How many stories have you read about executives getting multi-million dollar bonuses before the company collapsed?

It's one ugly aspect of my favorite period coming back: The Robber Barons of the 1930's reincarnated in the 2000's.

We've forgotten or choose to ignore our own recent history. I've even forgotten my own lessons of my own past... I forgot how hard I worked and how for years. While working on this rant I sat back and thought about how hard my life was and how hard I worked to make my life better and reach a point where I met a woman I wanted to spend the rest of my life with, she became my girl friend, my best friend, wife, mother of my kids and most importantly, my muse.

What matters in regards to this rant is that we bought a home, did all the right things by controlling our debt and not spending too much money on things we really didn't need. We didn't listen to the crazy ads about how we could take money out of our home and go on the dream vacation. We didn't tap the equity to install a have lavish bathrooms or extravagant entertainment centers. We didn't make a ton of money in the stock market, we didn't make some great investments and get a wind-fall profit or retire at the age of 35. .

I simply thought that we could throttle back and feel secure since for so many years everything was fine since nothing "bad" had happened recently, not remembering that just because there hasn't been a crisis doesn't mean that one isn't going to happen - it might mean that we're past due. I allowed myself, and my family to get soft and not take more steps to insure our financial future, taking it on faith that since everything was good now and nobody seemed to be worried about this problem that was just beyond the horizion.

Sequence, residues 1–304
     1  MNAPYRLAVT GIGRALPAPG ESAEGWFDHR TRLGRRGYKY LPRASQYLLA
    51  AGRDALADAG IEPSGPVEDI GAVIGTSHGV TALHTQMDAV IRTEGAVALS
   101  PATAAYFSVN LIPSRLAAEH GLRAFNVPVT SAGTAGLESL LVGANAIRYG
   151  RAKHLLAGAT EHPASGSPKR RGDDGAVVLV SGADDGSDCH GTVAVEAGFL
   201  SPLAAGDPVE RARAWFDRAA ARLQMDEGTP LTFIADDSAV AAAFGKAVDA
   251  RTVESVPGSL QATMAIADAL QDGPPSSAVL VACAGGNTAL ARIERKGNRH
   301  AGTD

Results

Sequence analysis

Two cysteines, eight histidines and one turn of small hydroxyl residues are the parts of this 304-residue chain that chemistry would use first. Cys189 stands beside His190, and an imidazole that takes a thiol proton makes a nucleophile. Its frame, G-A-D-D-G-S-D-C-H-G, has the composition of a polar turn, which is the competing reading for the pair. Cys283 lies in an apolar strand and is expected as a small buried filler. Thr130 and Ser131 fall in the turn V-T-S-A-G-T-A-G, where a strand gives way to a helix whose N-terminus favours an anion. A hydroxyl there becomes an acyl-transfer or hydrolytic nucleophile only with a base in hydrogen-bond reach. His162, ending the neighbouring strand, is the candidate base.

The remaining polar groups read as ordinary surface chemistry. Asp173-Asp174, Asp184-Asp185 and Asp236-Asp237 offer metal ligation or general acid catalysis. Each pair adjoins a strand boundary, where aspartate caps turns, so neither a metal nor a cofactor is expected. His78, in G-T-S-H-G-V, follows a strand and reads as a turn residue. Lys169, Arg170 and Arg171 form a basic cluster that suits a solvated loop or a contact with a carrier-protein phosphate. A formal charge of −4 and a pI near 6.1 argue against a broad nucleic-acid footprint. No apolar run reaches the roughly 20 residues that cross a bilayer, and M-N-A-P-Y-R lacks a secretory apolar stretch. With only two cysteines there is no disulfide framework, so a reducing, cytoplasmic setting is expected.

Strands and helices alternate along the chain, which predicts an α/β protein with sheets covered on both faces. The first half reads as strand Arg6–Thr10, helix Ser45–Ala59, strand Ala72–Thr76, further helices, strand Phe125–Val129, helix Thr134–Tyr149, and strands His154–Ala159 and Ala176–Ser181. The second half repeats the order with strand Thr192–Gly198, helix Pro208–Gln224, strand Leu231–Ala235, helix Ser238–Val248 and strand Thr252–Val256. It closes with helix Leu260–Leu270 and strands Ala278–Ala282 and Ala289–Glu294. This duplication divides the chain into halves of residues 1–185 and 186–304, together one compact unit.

Meanwhile, many other Americans were buying homes that were more then their needs and beyond their means through "sub-prime" mortgages. There were many home buyers who weren't looking for a primary residence to live in, these clowns treated their homes as short-term investments.  Buying a house for a couple of years with an low introductory rate which would become an "adjustable rate mortgage" (ARM) after the introduction period was over... that's not a sound investment plan, that's a scheme for personal disaster and destruction. Robert Kiyosaki said it plainly in "Rich Dad - Poor Dad," - your primary residence is not an asset. Name another asset that you only pay into and doesn't give you back any stream of income during the time you actually own it. Your house is NOT an asset. Your house is a financial liability. A happy, Home Sweet Liability Home.

Many home buyers (who are partly responsible for this crisis we're in) purchased homes for no other reason then to make a quick profit by selling before the sub-prime introductory period was over, gambling that the housing market would continue to sky-rocket. With people unable to sell these homes before the sub-prime period was over and then suddenly hit with an astronomically high payments, they eventually defaulted.